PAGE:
As a graduating student surrounded by classmates about to assume their first jobs, I assure the senator that none of my female classmates is thinking, "Salary isn't that important to me. I don't plan to work hard and don't need to be paid fairly, because I won't be a breadwinner. A man will come along to take care of that for me."
Instead, many young women about to enter the workforce are focused on paying off their student loan debt. Those who are also mothers are worried about how to financially provide for, and simultaneously care for, their young children. The single moms among us face even larger challenges. And we are worried about our sisters who don't have college degrees and so don't have the same earning power.
What female students might not remember is that the men with whom we stand shoulder-to-shoulder at graduation don't face the same financial challenges. Many young women of my generation believe they live in a post-feminist world, without unfair sex discrimination -- a world in which career paths are designed with fathers and mothers in mind. Unfortunately, that world doesn't exist quite yet.A significant gender pay gap still persists. That's why we cannot be passive as we acknowledge Equal Pay Day, which marks the day when a woman's earnings catch up to what her male peers earned in the previous year. To millennials, it's startling to see that women still earn just 77 cents to the dollar of what men earn. Women of color are hit especially hard: African-American and Hispanic women earn 70% and 61%, respectively, of what white men earn. Without any male income in their household, single women and lesbians may feel the pay gap effect all the more. This wage gap costs working women and their families more than $10,000 annually and jeopardizes women's retirement security.
This gap isn't just about women making different choices in their careers. Even after accounting for occupation, hours worked, education, age, race, ethnicity, marital status, number of children and more, a difference of 5% still persists in the earnings of male and female college graduates one year after graduation. After 10 years in the workplace, that gap more than doubles to 12%.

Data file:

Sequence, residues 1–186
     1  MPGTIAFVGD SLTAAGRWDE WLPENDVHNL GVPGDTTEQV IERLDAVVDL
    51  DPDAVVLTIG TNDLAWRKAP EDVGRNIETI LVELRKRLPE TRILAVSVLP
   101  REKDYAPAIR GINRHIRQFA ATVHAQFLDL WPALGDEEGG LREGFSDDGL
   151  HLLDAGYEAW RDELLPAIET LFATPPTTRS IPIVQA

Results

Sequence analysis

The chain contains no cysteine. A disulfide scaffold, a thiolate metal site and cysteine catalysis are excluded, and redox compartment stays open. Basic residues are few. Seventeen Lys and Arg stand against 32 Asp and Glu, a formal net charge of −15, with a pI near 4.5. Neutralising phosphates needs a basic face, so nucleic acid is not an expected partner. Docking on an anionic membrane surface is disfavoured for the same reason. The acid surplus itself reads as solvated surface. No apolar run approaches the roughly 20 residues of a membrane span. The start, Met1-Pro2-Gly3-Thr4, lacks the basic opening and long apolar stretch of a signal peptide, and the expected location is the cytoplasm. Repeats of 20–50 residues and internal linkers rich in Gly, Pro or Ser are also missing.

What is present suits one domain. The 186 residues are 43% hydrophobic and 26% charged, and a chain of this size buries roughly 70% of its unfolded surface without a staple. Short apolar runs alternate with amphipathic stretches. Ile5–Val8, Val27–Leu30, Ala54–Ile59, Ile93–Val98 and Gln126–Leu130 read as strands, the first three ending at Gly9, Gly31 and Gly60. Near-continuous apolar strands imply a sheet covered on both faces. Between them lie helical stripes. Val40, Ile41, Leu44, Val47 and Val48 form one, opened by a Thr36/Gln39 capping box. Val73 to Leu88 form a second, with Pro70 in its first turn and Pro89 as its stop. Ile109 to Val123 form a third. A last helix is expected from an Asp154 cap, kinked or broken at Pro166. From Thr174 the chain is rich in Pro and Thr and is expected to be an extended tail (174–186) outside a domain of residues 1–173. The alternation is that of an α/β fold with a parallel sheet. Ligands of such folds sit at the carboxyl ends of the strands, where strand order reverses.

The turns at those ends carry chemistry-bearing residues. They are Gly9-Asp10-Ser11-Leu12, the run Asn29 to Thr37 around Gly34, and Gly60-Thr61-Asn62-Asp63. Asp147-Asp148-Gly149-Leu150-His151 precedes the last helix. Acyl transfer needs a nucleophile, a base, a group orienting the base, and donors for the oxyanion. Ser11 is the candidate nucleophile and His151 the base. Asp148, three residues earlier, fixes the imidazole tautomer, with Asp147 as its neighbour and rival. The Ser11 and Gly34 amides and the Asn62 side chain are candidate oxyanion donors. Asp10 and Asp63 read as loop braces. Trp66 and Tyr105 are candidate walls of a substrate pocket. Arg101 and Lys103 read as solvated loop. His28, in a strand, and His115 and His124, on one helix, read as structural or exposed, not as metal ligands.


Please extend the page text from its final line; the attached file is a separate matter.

There's lots more, if you have the stomach for it.
And there's a little problem, too--I mean, a problem aside from the same woman who demanded that religious citizens have an obligation to provide her with free birth control now insisting that women should be treated no differently from men. Which is it, Ms. Fluke? You can't have it both ways! But the problem I refer to is simple: Fluke doesn't cite any statistics supporting her claim that even after accounting for choices and differences in background pay still differs by 5% to 12% for people one to ten years post-graduation--and other reports, which do cite statistics, paint a very different picture.
Take this, from Steve Tobak at CBS, written last March:
According to all the media headlines about a new White House report, there's still a big pay gap between men and women in America. The report found that women earn 75 cents for every dollar men make. Sounds pretty conclusive, doesn't it? Well, it's not. It's misleading.